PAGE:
U.N. tribunal doesn’t allow Milesovic to go to Russia for medical treatment

The U.N. war crimes tribunal on Friday rejected a request by Slobodan Milosevic to go to Russia for medical treatment, saying it was likely the former Yugoslav president would not return to The Hague to finish his trial. In a six-page ruling, the court's presiding judge, Patrick Robinson, also said there was no medical reason for Milosevic to go to the Bakoulev Scientific Center for Cardiovascular Surgery in Moscow .

He said if Milosevic, 64, wished "to be treated by specialists who are not from the Netherlands , such physicians may come here to treat him." Milosevic's trial, now in its fifth year, has often been delayed due to his medical condition. The aim is to wrap up the trial in April. A verdict is expected later this year and will likely be followed by a lengthy appeal.

Milosevic, who suffers from chronic heart problems and high blood pressure, is defending himself against 66 counts for war crimes allegedly committed in Bosnia , Kosovo and Croatia in the 1990s. His trial began Feb. 12, 2002 . Milosevic is in "the latter stages of a very lengthy trial in which he is charged with many serious crimes," Robinson said.

Even with guarantees from Russia that it will send Milosevic back to The Hague , the court "is not satisfied ... that the accused, if released, would return for the continuation of his trial," he said. At Friday's session at the International Criminal Tribunal for the Former Yugoslavia, Milosevic protested against Robinson's ruling, but the judge cut him off, saying: "I am not receiving any comments about that."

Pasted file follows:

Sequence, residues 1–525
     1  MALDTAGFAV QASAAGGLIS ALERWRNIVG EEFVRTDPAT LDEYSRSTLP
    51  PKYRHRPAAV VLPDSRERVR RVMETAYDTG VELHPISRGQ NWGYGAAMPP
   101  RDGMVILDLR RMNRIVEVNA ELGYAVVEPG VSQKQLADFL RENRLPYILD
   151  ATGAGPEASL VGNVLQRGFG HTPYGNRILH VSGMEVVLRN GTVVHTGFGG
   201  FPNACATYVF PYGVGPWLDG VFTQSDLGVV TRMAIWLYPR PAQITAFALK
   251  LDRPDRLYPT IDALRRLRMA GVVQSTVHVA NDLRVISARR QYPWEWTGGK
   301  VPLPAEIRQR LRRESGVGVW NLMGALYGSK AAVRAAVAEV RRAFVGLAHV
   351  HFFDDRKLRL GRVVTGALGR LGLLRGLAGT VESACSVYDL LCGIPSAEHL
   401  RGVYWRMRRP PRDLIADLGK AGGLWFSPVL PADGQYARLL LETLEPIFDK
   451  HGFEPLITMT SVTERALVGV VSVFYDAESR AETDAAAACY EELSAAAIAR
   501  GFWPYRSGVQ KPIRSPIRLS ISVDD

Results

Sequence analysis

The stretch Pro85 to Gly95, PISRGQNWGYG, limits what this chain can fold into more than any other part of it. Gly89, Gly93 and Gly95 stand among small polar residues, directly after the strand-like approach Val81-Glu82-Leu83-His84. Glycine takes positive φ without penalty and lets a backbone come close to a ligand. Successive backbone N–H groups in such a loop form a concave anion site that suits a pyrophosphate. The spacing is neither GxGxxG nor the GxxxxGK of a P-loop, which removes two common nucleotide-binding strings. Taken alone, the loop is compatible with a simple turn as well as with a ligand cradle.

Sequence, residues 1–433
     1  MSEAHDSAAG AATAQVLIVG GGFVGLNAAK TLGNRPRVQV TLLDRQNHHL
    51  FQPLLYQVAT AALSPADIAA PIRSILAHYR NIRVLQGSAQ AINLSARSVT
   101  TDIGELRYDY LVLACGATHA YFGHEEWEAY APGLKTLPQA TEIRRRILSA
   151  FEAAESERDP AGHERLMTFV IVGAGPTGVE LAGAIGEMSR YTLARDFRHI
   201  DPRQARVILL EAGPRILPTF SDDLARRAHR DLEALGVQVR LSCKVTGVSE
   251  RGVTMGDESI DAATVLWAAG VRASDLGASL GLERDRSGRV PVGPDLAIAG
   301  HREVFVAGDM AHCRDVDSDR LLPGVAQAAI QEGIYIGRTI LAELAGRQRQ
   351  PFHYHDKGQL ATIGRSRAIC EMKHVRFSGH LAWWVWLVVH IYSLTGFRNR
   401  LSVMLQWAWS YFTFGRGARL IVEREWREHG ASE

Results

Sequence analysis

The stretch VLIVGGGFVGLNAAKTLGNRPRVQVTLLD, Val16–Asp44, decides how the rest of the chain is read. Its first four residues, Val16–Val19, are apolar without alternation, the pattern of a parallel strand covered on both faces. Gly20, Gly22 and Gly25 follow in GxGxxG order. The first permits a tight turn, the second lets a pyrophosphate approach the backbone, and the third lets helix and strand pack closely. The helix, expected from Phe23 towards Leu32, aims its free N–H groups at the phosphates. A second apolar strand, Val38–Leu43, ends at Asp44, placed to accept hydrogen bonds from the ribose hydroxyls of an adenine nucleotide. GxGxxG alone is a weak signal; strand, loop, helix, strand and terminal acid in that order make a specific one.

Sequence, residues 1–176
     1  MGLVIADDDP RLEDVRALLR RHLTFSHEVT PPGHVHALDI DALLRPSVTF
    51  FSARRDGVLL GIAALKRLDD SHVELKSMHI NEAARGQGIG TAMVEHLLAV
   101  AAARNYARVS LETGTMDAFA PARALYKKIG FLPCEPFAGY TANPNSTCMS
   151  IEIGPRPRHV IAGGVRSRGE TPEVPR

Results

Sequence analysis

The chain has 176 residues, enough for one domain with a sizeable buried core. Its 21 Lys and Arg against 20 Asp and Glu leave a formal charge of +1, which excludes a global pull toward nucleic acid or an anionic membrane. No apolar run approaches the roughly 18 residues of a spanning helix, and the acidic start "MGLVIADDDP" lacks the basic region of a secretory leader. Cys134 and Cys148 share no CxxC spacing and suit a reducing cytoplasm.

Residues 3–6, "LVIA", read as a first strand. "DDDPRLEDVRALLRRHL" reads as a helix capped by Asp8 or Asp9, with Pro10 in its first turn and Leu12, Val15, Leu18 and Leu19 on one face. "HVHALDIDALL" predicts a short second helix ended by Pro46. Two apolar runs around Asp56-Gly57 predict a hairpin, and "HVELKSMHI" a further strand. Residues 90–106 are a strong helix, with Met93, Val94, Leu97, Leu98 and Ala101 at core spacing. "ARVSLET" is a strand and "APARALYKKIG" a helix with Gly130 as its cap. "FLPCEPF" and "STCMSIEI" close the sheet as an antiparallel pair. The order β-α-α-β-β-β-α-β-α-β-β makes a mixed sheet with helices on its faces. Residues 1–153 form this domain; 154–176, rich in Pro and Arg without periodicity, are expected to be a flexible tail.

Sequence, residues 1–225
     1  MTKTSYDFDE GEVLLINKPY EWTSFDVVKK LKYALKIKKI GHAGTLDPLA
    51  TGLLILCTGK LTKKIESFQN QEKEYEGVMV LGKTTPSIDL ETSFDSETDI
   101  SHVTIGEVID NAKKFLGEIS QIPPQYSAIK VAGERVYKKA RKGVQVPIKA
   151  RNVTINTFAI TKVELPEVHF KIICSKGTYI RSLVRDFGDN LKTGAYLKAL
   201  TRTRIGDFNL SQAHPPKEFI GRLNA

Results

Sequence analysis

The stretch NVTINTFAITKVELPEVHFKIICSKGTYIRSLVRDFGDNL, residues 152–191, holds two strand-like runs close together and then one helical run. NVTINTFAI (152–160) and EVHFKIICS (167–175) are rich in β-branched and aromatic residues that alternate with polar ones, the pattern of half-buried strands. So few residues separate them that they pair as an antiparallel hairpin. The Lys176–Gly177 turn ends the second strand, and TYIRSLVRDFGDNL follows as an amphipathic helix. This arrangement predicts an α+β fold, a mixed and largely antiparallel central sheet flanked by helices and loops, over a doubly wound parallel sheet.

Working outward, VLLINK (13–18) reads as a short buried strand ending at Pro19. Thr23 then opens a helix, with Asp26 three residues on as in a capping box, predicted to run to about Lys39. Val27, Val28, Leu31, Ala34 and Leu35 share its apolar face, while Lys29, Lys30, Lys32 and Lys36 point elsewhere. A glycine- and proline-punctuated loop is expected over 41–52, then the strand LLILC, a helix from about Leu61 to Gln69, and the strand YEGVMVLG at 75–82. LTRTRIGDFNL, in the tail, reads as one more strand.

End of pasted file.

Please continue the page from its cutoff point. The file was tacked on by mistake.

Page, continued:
Separately, the Yugoslav war crimes tribunal has been waiting for months for Russia to send Dragan Zelenovic, a Bosnian Serb military police officer indicted for alleged crimes against humanity during the 1992 Bosnian Serb assault on the Bosnian town of Foca , to The Hague .

On Friday, James Bisset, a former Canadian envoy to Belgrade , continued his testimony for Milosevic, generally backing Milosevic's claims that he tried to keep the Yugoslav federation intact in the face of aggression by NATO nations. Serbia , meanwhile, faced pressure to hand over the tribunal's No. 2 most-wanted fugitive, wartime commander Gen. Ratko Mladic. Mladic and Milosevic both face changes of genocide in Bosnia for allegedly overseeing the slaughter of 8,000 Muslims from the eastern enclave of Srebrenica, the worst massacre on European soil since World War II, reports the AP.


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